Wapisiw Lookout before reclamation 

(Wapisiw Lookout was a storage area for oil sands tailings between 1967 and 1997)

Wapisiw Lookout after reclamation

(Transformed oil sands tailings pond into a surface solid enough to be actively re-vegetated and reclaimed. Once complete, Wapisiw Lookout (formerly Pond 1) will be a 220-hectare area of mixed wood forest and a small wetland, supporting a variety of plants and wildlife.)

Of course, this new system could help reverse damages to the province’s waters. If it works, the new approach to tailings could mute some of the environmental criticism directed at the industry, whose waters are laced with heavy metals and other dangerous pollutants, and whose tailings ponds are an ugly reminder of the oil sands' environmental toll. Yet on the other hand, we see how Alberta is Canada’s main oil provider and produces most of the profit for our country in this sector.
Another issue to look at is the use of water from the Athabasca River. In terms of legal and ethical struggles, the use of this water is being debated between First Nations and drilling companies. Along with their new tailings pond guidelines, the Alberta government has also released rules on the amount of water that is allowed to be used by oil industries for the sand flats. Global News states that:
The average total allowable amount is to be cut nearly in half. No withdrawals will be allowed during low-flow periods, except for older mines. The government says the guidelines will preserve the river’s ecosystem and still allow for aboriginal water use.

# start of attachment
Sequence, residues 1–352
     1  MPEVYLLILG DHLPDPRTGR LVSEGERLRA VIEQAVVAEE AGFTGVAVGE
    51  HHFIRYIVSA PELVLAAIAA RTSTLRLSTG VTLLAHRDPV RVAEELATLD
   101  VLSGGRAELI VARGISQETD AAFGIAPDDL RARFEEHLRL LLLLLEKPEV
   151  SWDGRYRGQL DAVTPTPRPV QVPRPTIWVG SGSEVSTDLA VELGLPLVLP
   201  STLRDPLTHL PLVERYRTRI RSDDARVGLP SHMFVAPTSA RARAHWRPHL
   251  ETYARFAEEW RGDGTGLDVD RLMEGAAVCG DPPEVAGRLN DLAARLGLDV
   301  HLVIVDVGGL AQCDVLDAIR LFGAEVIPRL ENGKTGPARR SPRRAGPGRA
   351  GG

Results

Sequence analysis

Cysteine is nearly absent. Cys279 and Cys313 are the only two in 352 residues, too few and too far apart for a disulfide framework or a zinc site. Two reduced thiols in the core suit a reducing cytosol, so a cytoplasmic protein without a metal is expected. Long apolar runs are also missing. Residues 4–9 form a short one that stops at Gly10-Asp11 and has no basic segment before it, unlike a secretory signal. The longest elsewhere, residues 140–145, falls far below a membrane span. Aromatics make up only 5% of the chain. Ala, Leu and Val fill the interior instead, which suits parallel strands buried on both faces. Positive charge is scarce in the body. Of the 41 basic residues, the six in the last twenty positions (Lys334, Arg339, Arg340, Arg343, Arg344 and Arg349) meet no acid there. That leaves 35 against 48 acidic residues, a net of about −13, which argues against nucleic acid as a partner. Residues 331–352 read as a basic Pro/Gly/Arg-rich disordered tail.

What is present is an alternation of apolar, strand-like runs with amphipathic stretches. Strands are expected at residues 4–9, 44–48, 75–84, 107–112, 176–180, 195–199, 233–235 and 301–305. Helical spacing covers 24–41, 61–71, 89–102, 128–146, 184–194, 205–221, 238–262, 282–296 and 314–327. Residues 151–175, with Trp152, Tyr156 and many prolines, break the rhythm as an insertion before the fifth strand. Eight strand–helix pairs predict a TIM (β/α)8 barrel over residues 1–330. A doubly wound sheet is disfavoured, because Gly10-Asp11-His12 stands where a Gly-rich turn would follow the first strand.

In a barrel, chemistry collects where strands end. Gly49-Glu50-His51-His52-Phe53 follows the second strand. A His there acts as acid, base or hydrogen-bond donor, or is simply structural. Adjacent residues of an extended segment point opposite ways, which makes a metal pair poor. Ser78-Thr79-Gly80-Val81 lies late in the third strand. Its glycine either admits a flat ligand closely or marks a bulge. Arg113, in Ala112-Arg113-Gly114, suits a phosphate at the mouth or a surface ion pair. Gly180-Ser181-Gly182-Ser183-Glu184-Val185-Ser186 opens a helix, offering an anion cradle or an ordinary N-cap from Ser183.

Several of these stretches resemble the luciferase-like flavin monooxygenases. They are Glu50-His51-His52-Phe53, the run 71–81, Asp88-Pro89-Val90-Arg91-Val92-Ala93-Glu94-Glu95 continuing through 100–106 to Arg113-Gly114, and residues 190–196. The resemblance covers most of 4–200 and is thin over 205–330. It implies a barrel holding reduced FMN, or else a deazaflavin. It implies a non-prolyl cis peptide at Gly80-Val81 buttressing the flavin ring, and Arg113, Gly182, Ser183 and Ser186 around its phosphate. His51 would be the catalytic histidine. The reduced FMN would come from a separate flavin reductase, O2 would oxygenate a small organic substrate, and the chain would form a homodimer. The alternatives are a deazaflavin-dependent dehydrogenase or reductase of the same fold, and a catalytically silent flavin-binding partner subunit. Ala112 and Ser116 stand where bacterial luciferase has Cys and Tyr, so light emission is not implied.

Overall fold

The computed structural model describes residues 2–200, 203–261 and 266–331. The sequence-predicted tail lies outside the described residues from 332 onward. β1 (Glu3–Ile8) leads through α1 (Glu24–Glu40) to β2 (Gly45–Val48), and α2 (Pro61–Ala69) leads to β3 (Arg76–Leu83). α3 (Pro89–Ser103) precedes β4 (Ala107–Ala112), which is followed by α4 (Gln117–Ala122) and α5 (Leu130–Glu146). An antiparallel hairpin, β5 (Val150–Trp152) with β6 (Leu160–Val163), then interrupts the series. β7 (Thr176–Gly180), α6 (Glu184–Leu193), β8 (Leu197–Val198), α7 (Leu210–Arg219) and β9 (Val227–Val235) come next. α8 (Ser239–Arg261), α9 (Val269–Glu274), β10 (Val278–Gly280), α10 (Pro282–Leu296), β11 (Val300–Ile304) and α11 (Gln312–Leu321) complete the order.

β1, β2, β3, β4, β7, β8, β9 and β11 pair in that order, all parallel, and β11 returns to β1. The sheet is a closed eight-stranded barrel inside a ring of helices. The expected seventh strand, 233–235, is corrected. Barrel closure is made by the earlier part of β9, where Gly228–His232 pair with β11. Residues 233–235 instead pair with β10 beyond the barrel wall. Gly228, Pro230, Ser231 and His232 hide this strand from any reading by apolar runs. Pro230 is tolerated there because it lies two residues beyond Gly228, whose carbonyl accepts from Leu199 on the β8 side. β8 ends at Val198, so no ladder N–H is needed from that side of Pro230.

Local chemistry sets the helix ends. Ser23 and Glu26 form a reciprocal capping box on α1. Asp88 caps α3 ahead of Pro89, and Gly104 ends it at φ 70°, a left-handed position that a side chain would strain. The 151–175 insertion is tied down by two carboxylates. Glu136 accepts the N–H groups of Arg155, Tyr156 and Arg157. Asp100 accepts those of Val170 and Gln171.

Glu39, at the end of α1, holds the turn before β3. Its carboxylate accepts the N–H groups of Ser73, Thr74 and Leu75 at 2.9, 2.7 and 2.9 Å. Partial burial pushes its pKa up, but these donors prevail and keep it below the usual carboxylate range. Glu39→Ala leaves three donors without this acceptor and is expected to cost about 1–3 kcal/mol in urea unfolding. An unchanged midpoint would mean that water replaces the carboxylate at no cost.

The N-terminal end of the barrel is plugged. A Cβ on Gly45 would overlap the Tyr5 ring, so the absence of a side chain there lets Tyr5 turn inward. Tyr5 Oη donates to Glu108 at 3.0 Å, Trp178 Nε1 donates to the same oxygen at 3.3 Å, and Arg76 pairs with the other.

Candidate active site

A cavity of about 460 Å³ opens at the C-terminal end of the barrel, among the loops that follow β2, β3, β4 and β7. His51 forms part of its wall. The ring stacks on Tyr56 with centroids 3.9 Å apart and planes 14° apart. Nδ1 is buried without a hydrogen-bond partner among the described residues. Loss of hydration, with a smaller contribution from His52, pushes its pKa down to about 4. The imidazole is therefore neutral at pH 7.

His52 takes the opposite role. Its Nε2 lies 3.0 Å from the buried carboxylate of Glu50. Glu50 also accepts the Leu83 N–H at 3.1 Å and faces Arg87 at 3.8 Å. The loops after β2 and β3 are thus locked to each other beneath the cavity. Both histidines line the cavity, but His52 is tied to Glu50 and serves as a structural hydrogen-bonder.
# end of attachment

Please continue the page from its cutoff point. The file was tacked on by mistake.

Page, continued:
While this may be the aim of the government, the new plan concerning the Athabasca River is still being challenged in court by area First Nations who wish to take full control of the waters.

Last but not least, there are issues concerning waterfowls who land within tailing ponds and drown as a result of oiling. If anything, this should push companies to try and clean up their messes.

Watch this video to hear about other efforts being put in place to keep waterfowl from landing in tailings ponds:

Who here believes it's about time Alberta cleans up their act? Isn't it about time that we repay the environment for its natural resources by keeping it clean? How can we keep one of our country's biggest sources of income afloat while also balancing the needs of the environment, its wildlife, and other humans such as the First Nations? Do you believe that Shell Canada's proposal is a longterm fix or will it only resolve certain environmental issues for a short while? Or will it even work at all?

Stay sassy readers and stay tuned for a post on Unit 3 soon (I'm going a bit backwards here),


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1 comment:

  1. Hey! I am all for Alberta 'cleaning up it's act'. It's high time we took responsibility for the damage done to our environment, especially with our oil sands. In my opinion, Canada needs to really step up and start making positive changes. I know the oil sands are a big source of income for Canada as a country, as well as individual families. My Dad's best friend, in fact, works as an electrical engineer at the oil sands near Fort McMurray. He used to run his own electrical business in Banff, but he hit hard times as the population dwindled. To keep his family afloat, he was forced to go out West. So needless to say, the oil sands are a complicated issue. In my opinion, Canada can't really afford to completely cut out one of our main sources of income - just think of the uproar it would cause. On the other hand, as this oil price drop demonstrates, we need to seriously cut down our dependence on oil as a society and work to develop renewable sources of energy, rather than wasting technologies on an expendable resource.